May 12 2017 - Skin Care 101
How To Get High On Lavender07 April 2016
Here's why Lavender in many skin care products just doesn't cut it (the SAME reason most plant extracts fail too)
People are often surprised to hear that David doesn’t use Australian Lavender in Simplicité products. The reason is because he only uses medicinal grade plants to make his fresh extracts.
And because medicinal grade Lavender must grow at above 1000 metres, we can only source our Lavender from the French and Italian Alps. It grows naturally there at those altitudes.
We try as much as possible to source our plants and herbs from within Australia.
But In Australia, Lavender is not grown at high enough altitudes to be considered medicinal grade. It's suitable for many other uses – just not in our products.
So David won’t use it.
Why medicinal grade?
Medicinal grade means the high activity, high quality plant extracts that are used in medicines and herbal remedies. Medicinal grade plants must struggle to grow in their natural, often harsh environment. This is how a plant becomes strong and vital.
Just because a plant is 'organic' doesn't mean it is strong and vital. Most often, organic plants have been over watered and cossetted in other ways
A lot of Lavender grown in Australia and many other places of lower altitude than the French and Australian Alps tends to be camphorous. Camphorous Lavender often causes skin sensitivities.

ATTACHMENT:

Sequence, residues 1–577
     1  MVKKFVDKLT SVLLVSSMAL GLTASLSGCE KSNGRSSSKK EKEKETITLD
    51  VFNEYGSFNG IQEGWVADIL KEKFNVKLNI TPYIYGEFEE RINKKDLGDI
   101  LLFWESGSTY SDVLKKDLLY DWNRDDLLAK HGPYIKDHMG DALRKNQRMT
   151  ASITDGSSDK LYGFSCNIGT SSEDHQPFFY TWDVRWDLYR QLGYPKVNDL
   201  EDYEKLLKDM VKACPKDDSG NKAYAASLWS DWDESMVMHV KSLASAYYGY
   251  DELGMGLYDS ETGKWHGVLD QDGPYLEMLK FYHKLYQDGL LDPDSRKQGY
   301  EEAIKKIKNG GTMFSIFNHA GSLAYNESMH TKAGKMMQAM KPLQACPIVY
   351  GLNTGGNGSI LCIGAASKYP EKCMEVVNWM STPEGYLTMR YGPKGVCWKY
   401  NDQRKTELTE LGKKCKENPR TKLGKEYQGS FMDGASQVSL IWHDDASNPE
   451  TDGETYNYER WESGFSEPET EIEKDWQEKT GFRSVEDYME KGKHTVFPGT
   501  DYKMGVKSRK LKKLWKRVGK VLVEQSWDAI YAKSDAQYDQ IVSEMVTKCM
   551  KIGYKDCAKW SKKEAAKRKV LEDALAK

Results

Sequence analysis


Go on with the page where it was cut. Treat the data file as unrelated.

Some Lavender causes skin sensitivity
Many times people have said to me that they were apprehensive about trying Simplicité products because they could see Lavender in so many of the product ingredient lists (Lavender is used in 20 of 45 Simplicité products.)
They said they’d had skin reactions when they'd used skin care products containing Lavender in the past.
I always explain the difference between the medicinal grade Lavender we use and the lower quality type that's grown at lower altitudes.
And we've never heard of any skin reactions to our Lavender.
Results are in the quality
The lavender you see on most skin care ingredient lists isn’t grown at high altitudes.
When I saw on a ‘botanical skin care’ site that they used something called 'Lavandin' in their products I thought, well here at least is a company that isn’t pretending to be more than it is.
Lavandin is a hybrid of Lavender, a lowland plant which is often used in place of true Lavender. Lavandin oil is used in fragrance candles and soaps and other scented products.
My point is that there is supposed to be a big quality difference between Lavandin and Lavender.
But most Lavender that is used in the skin care industry is grown commercially at low and mid level altitudes. It simply can't possess the activity and power of the wild-grown variety. And the lower the quality the less suitable it is to use in skin care products.
The best gives the best results
In 20 of 45 Simplicité products medicinal grade Lavender balances oil in the skin, encourages elasticity, reduces surface scarring, calming, inhibits bacteria and soothes acne and pimples.
I don’t know of any other skin care brand which freshly hand makes all its own plant extracts, let alone make these from the best quality and highest quality plants and herbs.
Is your Lavender a brown powder?
When skin care brands don't make their own plant extracts (who else but Simplicité does!), they must source their plant extracts from a bulk supplier. Very often these plant extracts are grown in China then processed in Chinese factories. The end result is vastly different to our freshly made, medicinal grade plant extracts. Here's an example of a bulk supplier plant extract website page. Not fresh by a long way...